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Suspected Appendicitis—Child

The appendix is a finger-shaped pouch off the first part of the colon. Appendicitis is inflammation of the appendix. Symptoms of appendicitis include pain, appetite loss, nausea, and vomiting, but these symptoms also occur for other illness and disease conditions, sometimes making appendicitis hard to diagnose. Appendicitis is most common in adolescents, less common in infants and preschool children, and rare in newborns. The most common treatment is an appendectomy, the surgical removal of the appendix. Clinical diagnosis uses scoring systems to assess the level of risk and to help determine the best imaging test to confirm diagnosis.

Imaging tests are not recommended for children identified to be at low risk.

US abdomen right lower quadrant (RLQ) or US abdomen is usually an appropriate imaging test for children identified to be at intermediate risk for appendicitis.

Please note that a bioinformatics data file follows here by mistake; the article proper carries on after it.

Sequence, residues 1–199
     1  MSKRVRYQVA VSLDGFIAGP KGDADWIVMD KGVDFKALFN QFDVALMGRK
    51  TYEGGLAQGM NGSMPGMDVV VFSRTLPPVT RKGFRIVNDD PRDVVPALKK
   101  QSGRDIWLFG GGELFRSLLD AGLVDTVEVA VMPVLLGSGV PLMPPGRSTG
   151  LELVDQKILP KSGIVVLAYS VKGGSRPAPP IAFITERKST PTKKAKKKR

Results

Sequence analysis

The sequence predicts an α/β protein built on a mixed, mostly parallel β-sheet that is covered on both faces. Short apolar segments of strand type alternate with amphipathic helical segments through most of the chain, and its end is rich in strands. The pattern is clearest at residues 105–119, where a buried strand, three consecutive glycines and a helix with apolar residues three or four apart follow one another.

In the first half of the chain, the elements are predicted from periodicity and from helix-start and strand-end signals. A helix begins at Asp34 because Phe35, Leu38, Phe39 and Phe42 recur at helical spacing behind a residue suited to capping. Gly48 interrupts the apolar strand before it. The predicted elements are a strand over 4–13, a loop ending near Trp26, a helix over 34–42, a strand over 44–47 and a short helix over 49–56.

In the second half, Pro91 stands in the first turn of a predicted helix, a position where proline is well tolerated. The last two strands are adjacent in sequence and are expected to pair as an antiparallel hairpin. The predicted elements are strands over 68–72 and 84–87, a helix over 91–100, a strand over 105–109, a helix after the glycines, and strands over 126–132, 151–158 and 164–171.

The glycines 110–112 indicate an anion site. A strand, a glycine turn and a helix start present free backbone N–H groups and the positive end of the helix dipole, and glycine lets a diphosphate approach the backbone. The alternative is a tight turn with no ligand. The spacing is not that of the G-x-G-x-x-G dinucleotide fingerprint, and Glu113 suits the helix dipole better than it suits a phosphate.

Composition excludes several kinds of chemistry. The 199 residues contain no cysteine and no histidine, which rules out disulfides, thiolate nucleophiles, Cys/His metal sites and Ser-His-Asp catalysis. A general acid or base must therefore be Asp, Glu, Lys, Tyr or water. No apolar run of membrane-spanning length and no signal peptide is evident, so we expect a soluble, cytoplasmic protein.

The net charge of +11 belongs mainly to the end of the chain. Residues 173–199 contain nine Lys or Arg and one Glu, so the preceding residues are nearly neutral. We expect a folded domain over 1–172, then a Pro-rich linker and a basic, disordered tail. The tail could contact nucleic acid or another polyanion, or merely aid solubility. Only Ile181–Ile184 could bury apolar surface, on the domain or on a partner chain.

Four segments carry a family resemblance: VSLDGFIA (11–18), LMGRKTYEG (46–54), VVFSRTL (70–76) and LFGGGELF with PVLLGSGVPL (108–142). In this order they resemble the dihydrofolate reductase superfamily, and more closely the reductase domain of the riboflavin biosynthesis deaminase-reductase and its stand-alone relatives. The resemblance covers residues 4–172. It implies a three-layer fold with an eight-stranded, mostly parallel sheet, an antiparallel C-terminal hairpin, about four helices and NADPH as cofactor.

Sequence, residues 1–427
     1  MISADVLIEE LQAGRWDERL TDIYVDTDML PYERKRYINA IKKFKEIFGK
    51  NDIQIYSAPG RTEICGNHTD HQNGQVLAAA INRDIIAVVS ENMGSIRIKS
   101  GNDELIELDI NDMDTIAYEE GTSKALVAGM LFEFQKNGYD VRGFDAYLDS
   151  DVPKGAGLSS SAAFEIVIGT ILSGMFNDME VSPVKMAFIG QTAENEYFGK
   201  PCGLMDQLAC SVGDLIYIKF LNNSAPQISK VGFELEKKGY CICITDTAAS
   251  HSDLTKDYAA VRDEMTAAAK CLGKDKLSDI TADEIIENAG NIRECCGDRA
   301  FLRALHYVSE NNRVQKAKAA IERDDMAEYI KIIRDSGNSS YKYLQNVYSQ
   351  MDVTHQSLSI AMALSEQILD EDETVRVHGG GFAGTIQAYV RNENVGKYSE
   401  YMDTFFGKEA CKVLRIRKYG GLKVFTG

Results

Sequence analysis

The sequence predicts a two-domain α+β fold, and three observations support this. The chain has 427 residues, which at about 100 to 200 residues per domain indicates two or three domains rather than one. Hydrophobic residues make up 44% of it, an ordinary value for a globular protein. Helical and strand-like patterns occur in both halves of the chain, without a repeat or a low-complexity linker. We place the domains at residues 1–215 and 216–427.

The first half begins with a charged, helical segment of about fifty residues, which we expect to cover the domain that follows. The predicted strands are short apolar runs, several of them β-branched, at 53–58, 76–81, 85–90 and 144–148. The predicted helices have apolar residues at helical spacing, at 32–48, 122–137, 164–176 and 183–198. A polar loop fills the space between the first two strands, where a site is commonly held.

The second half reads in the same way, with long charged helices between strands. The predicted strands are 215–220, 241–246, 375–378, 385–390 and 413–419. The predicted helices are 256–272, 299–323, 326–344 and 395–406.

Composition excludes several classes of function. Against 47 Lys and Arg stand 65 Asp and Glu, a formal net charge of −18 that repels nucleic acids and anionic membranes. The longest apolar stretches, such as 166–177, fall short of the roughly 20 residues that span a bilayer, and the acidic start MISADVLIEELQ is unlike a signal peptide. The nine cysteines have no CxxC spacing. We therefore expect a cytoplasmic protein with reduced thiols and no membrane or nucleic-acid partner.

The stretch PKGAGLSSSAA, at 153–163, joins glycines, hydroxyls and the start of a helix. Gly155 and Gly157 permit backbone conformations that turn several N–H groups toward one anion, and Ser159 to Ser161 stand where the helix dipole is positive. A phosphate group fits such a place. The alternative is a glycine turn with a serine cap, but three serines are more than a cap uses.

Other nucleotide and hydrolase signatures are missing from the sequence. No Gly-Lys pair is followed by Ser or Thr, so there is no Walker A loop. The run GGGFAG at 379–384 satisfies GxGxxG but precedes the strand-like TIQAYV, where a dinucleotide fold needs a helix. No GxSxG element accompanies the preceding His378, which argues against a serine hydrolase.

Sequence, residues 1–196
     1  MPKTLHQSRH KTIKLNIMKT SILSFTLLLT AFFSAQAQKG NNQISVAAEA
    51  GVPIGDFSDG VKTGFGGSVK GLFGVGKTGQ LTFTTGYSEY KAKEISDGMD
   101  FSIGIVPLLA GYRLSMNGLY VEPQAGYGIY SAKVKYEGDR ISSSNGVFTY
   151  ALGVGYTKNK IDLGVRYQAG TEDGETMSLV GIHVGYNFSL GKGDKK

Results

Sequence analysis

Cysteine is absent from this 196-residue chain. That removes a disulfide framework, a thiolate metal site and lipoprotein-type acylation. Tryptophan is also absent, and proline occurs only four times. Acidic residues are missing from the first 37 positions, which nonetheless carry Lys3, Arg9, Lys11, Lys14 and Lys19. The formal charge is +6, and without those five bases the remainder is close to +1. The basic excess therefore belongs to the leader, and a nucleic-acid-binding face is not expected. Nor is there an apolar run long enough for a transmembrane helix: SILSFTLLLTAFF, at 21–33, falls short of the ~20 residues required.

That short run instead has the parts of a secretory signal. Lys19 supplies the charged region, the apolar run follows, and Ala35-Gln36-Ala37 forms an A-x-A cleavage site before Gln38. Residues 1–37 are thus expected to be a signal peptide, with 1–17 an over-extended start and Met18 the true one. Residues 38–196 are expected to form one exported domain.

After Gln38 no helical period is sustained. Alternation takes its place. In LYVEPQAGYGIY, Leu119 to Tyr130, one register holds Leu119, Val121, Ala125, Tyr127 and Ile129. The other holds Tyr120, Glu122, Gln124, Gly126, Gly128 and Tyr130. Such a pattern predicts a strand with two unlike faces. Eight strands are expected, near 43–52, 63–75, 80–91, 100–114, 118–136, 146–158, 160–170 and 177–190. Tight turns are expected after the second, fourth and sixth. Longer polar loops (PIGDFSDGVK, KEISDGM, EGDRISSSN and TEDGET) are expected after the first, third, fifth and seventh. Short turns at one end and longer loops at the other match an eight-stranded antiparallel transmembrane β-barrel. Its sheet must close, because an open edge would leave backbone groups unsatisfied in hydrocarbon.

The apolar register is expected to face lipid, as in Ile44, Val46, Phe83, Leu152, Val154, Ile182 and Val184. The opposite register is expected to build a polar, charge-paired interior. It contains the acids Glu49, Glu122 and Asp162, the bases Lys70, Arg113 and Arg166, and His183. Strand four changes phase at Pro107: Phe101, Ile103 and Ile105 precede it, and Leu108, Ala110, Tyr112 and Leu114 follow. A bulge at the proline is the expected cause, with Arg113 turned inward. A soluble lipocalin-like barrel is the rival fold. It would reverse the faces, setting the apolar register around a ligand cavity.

Children identified to be at high risk may have an appendectomy without imaging. When imaging is performed, CT abdomen and pelvis with intravenous (IV) contrast, MRI abdomen and pelvis without IV contrast, or ultrasound abdomen RLQ may be appropriate.

CT abdomen and pelvis with IV contrast, MRI abdomen and pelvis without IV contrast, or MRI abdomen and pelvis without and with IV contrast is usually appropriate following a nondiagnostic ultrasound abdomen RLQ in children with suspected acute appendicitis.

CT of the abdomen and pelvis with contrast is usually appropriate for assessment of complications of appendicitis either as initial imaging or as follow-up imaging after initial imaging shows complications such as an abscess or bowel obstruction.

This page was reviewed on December 15, 2021

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